There’s a natural spring that rises on the east side of the city of Jerusalem. In ancient times it was the city’s only water supply and was located outside the walls. Thus it was the point of Jerusalem’s greatest vulnerability. The exposed spring meant that the city, otherwise impenetrable, could be forced to surrender if an attacker were to divert or dam the spring. God Himself “planned” the city of Jerusalem in such a way that its water supply was unprotected. The spring outside the wall was a constant reminder that the inhabitants of the city must depend solely on Him for their salvation. Can we then regard each limitation as a gift that reveals God as our strength?
“I am the Alpha and the Omega, the first and the last, the beginning and the end.” Revelation 22:13 ESV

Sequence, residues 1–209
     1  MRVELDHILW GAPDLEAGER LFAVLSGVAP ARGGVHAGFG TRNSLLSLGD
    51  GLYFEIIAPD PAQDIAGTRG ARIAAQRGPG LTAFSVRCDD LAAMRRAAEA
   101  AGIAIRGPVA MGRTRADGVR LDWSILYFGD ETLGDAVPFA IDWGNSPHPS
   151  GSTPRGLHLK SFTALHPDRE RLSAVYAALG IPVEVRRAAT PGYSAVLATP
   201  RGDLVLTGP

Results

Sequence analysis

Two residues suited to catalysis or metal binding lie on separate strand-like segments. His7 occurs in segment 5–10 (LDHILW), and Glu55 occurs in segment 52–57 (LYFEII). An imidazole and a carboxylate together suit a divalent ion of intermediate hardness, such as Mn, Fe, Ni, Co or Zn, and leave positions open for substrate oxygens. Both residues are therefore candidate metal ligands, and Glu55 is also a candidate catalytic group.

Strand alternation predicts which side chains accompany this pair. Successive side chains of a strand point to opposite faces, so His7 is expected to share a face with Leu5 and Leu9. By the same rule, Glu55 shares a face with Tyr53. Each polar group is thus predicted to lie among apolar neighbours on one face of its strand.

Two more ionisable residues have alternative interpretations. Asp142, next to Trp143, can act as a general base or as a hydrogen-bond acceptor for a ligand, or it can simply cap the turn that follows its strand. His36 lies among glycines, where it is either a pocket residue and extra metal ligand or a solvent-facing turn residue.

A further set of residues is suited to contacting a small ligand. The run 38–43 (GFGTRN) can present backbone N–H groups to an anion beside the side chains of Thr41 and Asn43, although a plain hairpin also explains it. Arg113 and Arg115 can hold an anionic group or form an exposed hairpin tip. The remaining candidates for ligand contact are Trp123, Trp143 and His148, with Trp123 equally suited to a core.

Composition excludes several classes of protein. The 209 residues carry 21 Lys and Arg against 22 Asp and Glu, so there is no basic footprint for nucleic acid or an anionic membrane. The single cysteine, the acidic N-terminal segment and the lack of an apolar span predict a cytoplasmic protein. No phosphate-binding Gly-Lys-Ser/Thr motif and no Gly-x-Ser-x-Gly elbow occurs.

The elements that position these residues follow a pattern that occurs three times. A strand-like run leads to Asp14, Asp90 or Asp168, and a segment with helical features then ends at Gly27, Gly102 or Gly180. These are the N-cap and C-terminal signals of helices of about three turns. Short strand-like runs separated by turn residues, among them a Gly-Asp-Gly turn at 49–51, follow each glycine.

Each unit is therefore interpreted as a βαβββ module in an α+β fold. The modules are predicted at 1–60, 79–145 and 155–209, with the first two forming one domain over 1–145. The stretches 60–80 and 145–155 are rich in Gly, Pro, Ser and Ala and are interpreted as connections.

For many writers, the opening is the most difficult part of the process. The same is true for artists, composers, and anyone involved in the creative process. Staring at blank pages or an empty canvas can be an intimidating experience.
At the same time, many creative minds have even greater difficulty finishing a project.
The Bible is filled with beginnings and endings.
Every year it seems that Christmas becomes more and more commercialized. Even in nations where the majority of people call themselves “Christian,” the season has become more about shopping than worshiping. The pressure to buy gifts and plan elaborate parties makes it increasingly difficult to stay focused on the real meaning of the holiday—the birth of Jesus, god’s only son, the savior of the world.
Our heavenly Father longs for us to grow up and “become mature, attaining to the whole measure of the fullness of Christ” (Ephesians 4:13). But spiritual maturity is different from natural maturity. Parents raise their children to become independent, to no longer need them. Our divine Father raises us to daily depend on Him more.